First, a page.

What you need to consider when recruiting a practice pharmacist

pharmacist

More and more practices are considering recruiting a pharmacist to help with workload, particularly with the new funding available through primary care networks (PCNs). This may seem like a good idea, but you need to think carefully about what you want a pharmacist to do; it can be a very different role in different places. They could:

·         See patients with minor illness

·         Manage chronic diseases

·         Deal with medication queries

·         Help with audits

·         Assist with managing patients’ prescriptions

·         Help with medicines management and formulae development

·         Educate trainees and staff on medicine matters

·         Ensure that the practice monitors its repeat medications appropriately

·         Manage the purchasing of medicines.

As there such a variety of activities it is important that the practice decides what would help them, and then look for an individual who has the right skills. This may well help you to decide on the next step, which is the best way to employ them.

There are three different ways that a practice might consider:

            1. Partnership

            2. Direct employment

            3. Employing via your PCN.

Employee or partner?

Deciding whether to employ a pharmacist or make them a partner involves similar considerations to those when you think about recruiting a salaried GP or a partner. You have more control of what an employee does and the hours that they work. A partner will share the risks and rewards of the business with the other partners and may be required to invest in the business.

Remember that partnership is a much longer term commitment than employment; you need to be sure that they are the right person for the practice and that this new role is going to work. Employment may be less risky for both parties; if it goes well you can always offer partnership in the future.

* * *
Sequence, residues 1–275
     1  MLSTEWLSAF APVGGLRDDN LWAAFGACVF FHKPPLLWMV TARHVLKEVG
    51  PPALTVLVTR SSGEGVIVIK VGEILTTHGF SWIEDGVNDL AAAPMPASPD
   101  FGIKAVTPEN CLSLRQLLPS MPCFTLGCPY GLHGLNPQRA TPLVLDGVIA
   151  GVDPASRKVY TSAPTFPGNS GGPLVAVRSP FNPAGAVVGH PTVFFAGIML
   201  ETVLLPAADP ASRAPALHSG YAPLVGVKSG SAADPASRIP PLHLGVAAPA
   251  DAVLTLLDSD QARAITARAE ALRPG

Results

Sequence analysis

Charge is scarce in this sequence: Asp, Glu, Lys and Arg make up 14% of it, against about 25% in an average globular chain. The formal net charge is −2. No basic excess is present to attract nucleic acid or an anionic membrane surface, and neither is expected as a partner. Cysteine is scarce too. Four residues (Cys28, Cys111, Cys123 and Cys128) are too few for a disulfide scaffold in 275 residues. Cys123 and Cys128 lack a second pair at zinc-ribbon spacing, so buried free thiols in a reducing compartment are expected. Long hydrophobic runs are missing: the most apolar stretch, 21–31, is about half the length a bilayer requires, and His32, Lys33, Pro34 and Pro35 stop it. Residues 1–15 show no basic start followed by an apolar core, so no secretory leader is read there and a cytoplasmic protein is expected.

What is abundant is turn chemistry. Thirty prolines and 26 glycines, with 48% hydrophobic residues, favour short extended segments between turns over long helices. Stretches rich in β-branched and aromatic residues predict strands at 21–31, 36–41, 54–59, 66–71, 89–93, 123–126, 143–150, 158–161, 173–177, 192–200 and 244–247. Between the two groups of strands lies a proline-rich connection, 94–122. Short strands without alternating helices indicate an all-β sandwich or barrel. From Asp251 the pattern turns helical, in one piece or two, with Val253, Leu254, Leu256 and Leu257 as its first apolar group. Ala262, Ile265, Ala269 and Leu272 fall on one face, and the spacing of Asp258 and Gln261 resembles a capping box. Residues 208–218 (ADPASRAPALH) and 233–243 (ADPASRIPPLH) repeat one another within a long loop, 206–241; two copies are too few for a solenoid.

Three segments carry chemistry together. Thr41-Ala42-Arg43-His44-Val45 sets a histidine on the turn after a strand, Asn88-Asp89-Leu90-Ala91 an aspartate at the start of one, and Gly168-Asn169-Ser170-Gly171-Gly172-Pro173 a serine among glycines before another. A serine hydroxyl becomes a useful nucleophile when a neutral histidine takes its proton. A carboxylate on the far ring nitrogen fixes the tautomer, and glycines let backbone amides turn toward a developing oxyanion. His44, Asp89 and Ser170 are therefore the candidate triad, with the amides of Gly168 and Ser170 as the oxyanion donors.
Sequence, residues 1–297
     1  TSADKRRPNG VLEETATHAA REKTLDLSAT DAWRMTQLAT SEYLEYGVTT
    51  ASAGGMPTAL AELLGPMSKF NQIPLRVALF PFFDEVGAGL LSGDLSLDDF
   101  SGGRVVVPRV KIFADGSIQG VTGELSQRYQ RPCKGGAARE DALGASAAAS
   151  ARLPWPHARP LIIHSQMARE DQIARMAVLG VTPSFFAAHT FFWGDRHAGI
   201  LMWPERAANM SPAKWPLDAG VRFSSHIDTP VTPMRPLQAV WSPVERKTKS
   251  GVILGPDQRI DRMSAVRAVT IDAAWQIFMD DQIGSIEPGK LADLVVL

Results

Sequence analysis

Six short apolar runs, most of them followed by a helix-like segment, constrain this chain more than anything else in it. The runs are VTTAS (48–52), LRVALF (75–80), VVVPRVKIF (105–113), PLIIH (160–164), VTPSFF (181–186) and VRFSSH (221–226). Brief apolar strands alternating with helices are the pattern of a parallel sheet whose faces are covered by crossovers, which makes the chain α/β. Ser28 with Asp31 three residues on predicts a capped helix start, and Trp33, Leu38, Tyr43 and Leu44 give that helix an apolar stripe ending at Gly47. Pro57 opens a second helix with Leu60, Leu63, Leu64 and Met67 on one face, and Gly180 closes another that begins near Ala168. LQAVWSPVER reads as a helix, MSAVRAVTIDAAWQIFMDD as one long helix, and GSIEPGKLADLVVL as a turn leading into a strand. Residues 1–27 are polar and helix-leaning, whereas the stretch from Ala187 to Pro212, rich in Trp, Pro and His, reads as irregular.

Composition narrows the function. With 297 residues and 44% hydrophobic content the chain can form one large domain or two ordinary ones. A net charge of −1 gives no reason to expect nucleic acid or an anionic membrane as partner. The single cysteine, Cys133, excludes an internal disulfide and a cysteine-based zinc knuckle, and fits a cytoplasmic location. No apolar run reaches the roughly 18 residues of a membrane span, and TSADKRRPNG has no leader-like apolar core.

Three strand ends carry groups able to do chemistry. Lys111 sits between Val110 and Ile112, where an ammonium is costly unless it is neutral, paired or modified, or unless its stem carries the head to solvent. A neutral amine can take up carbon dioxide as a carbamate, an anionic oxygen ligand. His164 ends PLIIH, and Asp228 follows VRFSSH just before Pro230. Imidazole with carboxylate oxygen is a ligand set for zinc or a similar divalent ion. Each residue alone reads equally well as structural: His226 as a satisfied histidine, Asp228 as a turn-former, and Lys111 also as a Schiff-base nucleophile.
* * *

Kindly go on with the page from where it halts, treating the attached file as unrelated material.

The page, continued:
Employing via the PCN – funding

If you decide that you want to employ a pharmacist through your PCN you may be able to get some funding. The maximum is 70% of the cost. However, you will have to share your pharmacist with the other practices, which will mean that you will need to employ someone who suits all the practices, not just your own. In these early days of PCNs the pros and cons of employing staff in this way are unclear, but as an individual practice you will have less control over that individual than if you employ them directly.

Starting out or experienced?

Pharmacy training has changed dramatically over recent years and is now more focused on producing people that will make excellent practice pharmacists. So you may find that a recent graduate pharmacist has all the skills you need.

Rates of pay

At the bottom end of the scale, you will have to pay a salary of around £35,000 for someone working full-time, fresh out of pre-registration training. At the top it will be £50,000 or more.

 

Prescribing

Some pharmacists are independent prescribers but there are not many of these. It is very important for you to set out in your job advert whether this is an essential or merely desirable characteristic. Offering to support a pharmacist while they get their prescribing qualification may make your job more attractive. However, there is a cost in time and money and one of your doctors must be prepared to supervise them while they are doing the course.

Potential shortages

In these early stages there are two relevant types of staff PCNs will be encouraged to employ: social prescribers and pharmacists. This is likely to create a shortage of skilled pharmacists, increasing the wages that they expect to be paid. There are supposed to be an excess of pharmacists at the moment, but this is not the case across the whole country. So, if you are considering employing a practice pharmacist it would be sensible to act as soon as possible.

Finding the right person

The fit with your team will determine how successful they are in the role. It is important to consider who they are going to be working with and reporting to. If these relationships don’t work well then it can be a disaster.

To get the best candidate, you should:

            1. Offer a competitive salary. See what local pharmacies and hospitals are offering

            2. Think about being flexible about the hours they need to work

            3. Make the job description very clear

            4. Offer some form of development opportunities.

Employing a practice pharmacist can be a real boost to your team, assisting with workload, perhaps even saving money or developing new income streams in areas where their expertise can spot opportunities – as well as providing an even better service for patients.

AUTHOR BIO

Dr Richard West is a GP in Suffolk and Chair of the Dispensing Doctors Association.

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